Sorry it’s been awhile folks, but life got busy, as you all know. I’ve been really wanting to catch up on my blogging, but didn’t really have any fantastic to write about. Then the other day I was looking at my workstation and then it hit me, San Diego Photographers Tools: Sekonic L-308S-U.
Sorry I know it’s been awhile folks, but life got busy, as you all know. I’ve been really wanting to catch up on my blogging, but didn’t really have any fantastic to write about. Then the other day I was looking at my workstation and then it hit me, I” write a review: San Diego Photographers Tools: The Sekonic L-308S-U.
Like most photographers, I am always looking to improve my photography; whether it’s a new process, technique or photographers toy. I hate to use the word toy, because we don’t actually play with them. Is it vital to our survival, no? Is it a useful tool/gadget to help us improve our photography, yes? And of course it is nice to treat one’s self.
Ok, back to my story. I wasn’t planning on buying a light meter, I was like most photographers and said who needs one. I can guess pretty much the ISO, set my aperture and then make some minor adjustments, a few shots later. After many articles and blogs later, I decided to take a chance. Since most of my photography is events and headshots, I thought this would work great on some of my corporate headshots and guess what it did.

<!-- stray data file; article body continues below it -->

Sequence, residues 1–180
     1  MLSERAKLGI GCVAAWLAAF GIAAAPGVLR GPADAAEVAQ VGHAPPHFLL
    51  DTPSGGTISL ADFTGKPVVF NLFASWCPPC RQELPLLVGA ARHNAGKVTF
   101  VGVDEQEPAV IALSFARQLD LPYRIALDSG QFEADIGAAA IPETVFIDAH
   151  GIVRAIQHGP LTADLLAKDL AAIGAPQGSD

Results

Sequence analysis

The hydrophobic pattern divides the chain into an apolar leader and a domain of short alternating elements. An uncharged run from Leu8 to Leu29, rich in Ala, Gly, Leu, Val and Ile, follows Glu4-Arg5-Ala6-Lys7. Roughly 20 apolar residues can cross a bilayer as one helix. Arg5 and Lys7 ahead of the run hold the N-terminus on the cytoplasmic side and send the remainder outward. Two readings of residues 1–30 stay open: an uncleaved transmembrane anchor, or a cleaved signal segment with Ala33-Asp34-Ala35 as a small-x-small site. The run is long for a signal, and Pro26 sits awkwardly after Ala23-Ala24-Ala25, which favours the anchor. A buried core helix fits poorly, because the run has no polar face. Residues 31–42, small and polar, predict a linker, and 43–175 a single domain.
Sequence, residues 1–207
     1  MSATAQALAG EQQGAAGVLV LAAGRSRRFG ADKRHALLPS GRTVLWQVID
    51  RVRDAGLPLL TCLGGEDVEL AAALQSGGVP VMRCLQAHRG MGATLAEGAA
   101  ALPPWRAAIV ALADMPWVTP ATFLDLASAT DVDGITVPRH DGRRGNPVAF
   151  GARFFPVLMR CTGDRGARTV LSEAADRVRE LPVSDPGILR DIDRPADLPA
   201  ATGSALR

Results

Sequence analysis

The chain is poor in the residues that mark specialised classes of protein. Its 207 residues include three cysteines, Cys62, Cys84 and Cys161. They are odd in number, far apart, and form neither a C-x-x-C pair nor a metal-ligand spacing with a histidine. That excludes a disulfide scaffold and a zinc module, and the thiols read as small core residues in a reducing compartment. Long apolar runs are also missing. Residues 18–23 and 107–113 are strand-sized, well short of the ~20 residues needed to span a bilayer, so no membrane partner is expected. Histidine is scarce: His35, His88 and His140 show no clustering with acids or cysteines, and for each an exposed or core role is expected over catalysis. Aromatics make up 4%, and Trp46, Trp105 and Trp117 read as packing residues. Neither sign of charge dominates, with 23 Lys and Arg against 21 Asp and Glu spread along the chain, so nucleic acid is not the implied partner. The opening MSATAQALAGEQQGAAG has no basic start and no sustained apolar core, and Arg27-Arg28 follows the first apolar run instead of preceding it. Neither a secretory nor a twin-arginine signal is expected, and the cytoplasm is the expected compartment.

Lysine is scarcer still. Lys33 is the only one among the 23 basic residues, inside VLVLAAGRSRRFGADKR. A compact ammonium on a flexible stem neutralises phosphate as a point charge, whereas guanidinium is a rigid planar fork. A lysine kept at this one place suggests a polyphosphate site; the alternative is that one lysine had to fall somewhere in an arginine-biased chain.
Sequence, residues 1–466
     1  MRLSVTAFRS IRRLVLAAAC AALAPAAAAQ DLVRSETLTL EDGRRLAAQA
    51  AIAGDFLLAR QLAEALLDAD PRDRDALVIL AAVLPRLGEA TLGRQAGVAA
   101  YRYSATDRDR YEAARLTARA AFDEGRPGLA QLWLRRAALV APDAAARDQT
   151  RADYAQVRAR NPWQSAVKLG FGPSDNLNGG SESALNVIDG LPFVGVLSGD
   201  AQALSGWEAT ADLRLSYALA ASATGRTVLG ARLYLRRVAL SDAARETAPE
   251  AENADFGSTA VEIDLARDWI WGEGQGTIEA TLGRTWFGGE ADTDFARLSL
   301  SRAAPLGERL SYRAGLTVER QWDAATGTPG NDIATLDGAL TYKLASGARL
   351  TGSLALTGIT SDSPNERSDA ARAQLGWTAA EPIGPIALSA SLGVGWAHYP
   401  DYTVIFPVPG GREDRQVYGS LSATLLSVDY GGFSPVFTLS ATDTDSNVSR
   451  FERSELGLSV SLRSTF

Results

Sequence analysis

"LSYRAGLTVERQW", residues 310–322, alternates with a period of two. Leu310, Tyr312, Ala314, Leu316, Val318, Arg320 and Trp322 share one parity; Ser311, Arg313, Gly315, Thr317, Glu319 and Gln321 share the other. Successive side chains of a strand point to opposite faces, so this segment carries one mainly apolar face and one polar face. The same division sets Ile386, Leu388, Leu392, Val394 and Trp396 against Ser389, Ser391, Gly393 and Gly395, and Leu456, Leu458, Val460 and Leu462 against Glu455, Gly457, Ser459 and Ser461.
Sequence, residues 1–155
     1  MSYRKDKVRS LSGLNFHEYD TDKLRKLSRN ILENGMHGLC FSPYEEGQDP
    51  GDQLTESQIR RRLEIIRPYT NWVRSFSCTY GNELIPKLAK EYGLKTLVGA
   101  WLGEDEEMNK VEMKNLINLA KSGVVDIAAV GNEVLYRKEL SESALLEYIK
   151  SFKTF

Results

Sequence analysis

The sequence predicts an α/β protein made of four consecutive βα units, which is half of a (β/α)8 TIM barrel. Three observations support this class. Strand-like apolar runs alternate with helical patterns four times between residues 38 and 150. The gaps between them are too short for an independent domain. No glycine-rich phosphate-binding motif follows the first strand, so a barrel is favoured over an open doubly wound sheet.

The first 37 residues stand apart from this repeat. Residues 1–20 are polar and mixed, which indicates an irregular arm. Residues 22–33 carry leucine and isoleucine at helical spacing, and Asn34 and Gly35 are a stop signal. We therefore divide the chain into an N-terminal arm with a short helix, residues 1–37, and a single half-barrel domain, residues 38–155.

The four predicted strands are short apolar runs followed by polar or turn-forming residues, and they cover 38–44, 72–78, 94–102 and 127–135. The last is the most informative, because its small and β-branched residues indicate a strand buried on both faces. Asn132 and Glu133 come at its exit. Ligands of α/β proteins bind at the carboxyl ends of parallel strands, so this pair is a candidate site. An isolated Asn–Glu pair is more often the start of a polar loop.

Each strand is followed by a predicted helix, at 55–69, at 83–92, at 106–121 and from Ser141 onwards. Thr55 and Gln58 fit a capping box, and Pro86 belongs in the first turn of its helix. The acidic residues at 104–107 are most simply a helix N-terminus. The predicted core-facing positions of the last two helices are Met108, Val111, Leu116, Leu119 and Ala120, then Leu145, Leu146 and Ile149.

It is fairly simple to operate and basically a little backwards in a way. First you set your F-stop for your camera (1/2 stop for Canon and 1/3 for Nikon). Then you set the measuring mode or EV mode, this is either going to be ambient light or flash, pretty simple. You then set your ISO, and then shutter speed. If you are using flash, you’ll wanna set your ISO at 100 or 200 and you shutter speed about 160. You take a light sample (place the unit under the subjects chin) and voila, you have your preferred aperture setting. The backwards part, I was referring to is that if you need to change your aperture, you will need to adjust your shutter speed or ISO, which is kinda strange, since most of us shoot in Aperture only mode. The neat thing about this light meter is that not only does it do ambient light, but it measure flash lighting, by simply toggling the mode button. It gives you a couple of seconds to hit the remote, before taking a sample. You can also use a flash cable if you desire. The Sekonic L-308S-U also had a Cinematography mode, as an added bonus. All in all, I would say that this light meter was a good investment. The price is reasonable. I got mine on sale at Amazon.com on sale for $199.00, but check around to see who has the best price.
I hope I have not bored you too much. I had a lot of fun writing this one like all of my blogs. I trust I have given you some valuable tips to think about, before planning your next shoot. It’s not all bad, just be clear and informative, it will save you a lot of headaches. Remember nothing is set in stone and there is not a perfect formula, so go out and have some fun.